Another broken promise is that the ticketing agent will not issue a ticket unless she directly observes the sweeper driving around a parked car. My neighborhood is filled with short cul-de-sacs and the sweeper is almost always a street or two ahead of the ticketing agent. Although she wasn't watching the sweeper, she still tickets cars that she assumes were in the sweeper's path. Since the only "solution" offered to residents with inadequate parking is to listen for the street sweeper and move our cars as it comes, it is troubling to know that we can still be ticketed if we park immediately after the sweeper has left since the ticketing agent doesn't need to personally witness the alleged violation.
Yesterday, while waiting for kindergarten to let out, my husband watched three of our neighbors come home for lunch within a 10-minute period. They each got out, starting walking and then heard the sweeper lurking somewhere in the neighborhood. They each got back in their cars and moved them to the Fanning parking lot so they could eat lunch in peace. I suppose they are the lucky ones, since they live so close to the school lot, but that's bad news for the Fanning parents and volunteers who may now be forced to park illegally. This weekly game of musical cars serves as a reminder of how intrusive the new parking restrictions are on Brea residents' daily lives. Still, the City Council doesn't get it and refuses to discuss the issue.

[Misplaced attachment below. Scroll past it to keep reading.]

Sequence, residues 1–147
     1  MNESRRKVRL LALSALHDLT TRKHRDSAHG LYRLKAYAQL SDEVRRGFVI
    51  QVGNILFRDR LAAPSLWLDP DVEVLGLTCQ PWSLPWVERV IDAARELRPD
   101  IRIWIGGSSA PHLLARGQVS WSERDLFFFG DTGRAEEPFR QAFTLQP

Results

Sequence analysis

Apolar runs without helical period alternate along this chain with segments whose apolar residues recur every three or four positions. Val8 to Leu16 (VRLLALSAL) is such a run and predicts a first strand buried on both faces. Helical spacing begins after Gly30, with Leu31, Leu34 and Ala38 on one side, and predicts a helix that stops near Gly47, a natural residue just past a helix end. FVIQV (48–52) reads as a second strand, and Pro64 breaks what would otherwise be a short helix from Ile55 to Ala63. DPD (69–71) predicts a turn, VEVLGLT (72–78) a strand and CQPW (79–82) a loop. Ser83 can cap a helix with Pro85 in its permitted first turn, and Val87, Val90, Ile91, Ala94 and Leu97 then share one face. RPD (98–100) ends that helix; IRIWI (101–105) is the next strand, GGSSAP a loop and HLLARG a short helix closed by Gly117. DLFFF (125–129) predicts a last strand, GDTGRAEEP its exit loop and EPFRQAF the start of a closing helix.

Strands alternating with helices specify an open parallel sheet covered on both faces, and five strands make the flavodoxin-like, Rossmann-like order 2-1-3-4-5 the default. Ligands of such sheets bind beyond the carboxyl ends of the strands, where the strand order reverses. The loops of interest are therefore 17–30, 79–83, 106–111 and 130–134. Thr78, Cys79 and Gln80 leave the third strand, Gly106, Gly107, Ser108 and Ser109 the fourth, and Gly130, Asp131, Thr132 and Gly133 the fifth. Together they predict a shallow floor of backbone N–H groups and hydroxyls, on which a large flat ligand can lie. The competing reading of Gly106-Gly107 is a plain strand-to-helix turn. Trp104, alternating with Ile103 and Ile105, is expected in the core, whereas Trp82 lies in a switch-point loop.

I would like to present a
simple scenario and ask the Council to offer its advice. Consider a stay-at-home
mom who has a baby that naps each morning from 9-10:30, which happens to also
be the time when the street sweeper comes to her street. This mom has no driveway
and requires street parking for her car, so she is parked illegally on street-sweeping
day. What is this mom supposed to do? Should she wait quietly and listen for
the sweeper and leave her sleeping baby alone in the house while she moves her
car? Should she put her baby down for a nap in the car so she can move it when
the sweeper comes? Does the baby not get a nap on street sweeping day? Can she
avoid ticketing by calling the Watch Commander each week and asking for an exemption?
The City Council's standard response is that it's up to each resident to figure
out how to comply with the new parking restriction, but that response is unacceptable.
If you can't come up with a reasonable solution for this mom, then you need
to go back to the drawing board and fix this flawed ordinance.
[click here to download pdf of this presentation]